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July 14, 2012

Alimony in Florida

The Florida legislation is attempting to bring uniformity to the subject of alimony in Florida.

New legislation now objectively defines a marriage as short term, long term, and moderate term. If a marriage is 7 years or less, it is short term. If the marriage is 17 years or more, it is long term. Anywhere in between, it is a marriage of moderate length.

The length of the marriage is important, since the type of alimony available depends upon the length of the marriage.

Florida Statute 61.08 is the alimony statute in Florida. There are four main types of alimony in Florida, as follows:

Bridge-the- gap alimony

Rehabilitative alimony

Durational alimony

Permanent alimony

Bridge-the-gap alimony may not exceed a term of 2 years, and is not subject to modification as to the length or the amount of the award.

Rehabilitative alimony may be awarded to a party to assist them in obtaining the capacity for self support.

Durational alimony is generally awarded when permanent alimony is inappropriate. Durational alimony can be awarded for a maximum number of years equal to the length of the marriage.

Permanent alimony is generally reserved for those cases in excess of 17 years in length, and is awarded to an individual who lacks the ability to meet his or her needs and necessities of life.

These are all generalizations, and each case must be considered on a case by case basis. I have over 30 years of experience involving cases dealing with alimony,of all kinds, and can offer you the appropriate guidance to resolve your case quickly and efficiently.

March 25, 2012

Alimony Reform in Florida

There has been much discussion in Florida regarding alimony reform, but it has not arrived just yet.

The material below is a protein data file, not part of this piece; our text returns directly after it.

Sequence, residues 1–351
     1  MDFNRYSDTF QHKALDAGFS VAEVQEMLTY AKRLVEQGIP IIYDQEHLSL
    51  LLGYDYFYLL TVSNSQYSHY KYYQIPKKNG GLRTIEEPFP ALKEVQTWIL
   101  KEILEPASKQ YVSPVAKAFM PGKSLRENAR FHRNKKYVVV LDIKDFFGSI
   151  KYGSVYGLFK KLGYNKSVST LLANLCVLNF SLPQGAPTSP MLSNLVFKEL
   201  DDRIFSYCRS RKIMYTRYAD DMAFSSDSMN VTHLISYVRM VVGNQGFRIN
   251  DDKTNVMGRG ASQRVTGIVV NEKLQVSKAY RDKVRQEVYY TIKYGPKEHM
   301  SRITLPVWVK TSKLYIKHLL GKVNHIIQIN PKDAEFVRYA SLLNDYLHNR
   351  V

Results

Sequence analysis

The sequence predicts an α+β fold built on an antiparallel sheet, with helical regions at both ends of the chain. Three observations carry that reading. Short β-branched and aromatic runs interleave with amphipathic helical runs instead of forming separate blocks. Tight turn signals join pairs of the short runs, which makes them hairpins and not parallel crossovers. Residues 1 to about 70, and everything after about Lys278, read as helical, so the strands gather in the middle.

In order to understand the future of alimony, you have to be familiar with the current laws in Florida regarding alimony. Alimony is governed by Florida Statute 61.08. The initial step for a judge in deciding whether to award alimony or not is to first determine the need of one party versus the ability of the other party to meet that need.

1377964_tightened_100_dollar_roll_.jpgOnce that bridge has been crossed, the court will then decide on what type of alimony is appropriate under the specific facts of the case.

The award of alimony has become a bit more objective in recent years, since the length of a marriage is critical to the type and nature of an award of alimony.

Florida defines a short term marriage as any marriage under 7 years in duration. A long term marriage is a marriage over 17 years in duration. Anything in between is a moderate term marriage.

Why is the length of the marriage important? Simply because there are certain presumptions in favor of a particular type of alimony, based upon the duration of the marriage. For example, there is a presumption in favor of permanent alimony when you have a long term marriage.

In circumstances when permanent alimony may not be appropriate, durational alimony may be awarded by the court. Durational alimony may not exceed the number of years that the parties were married.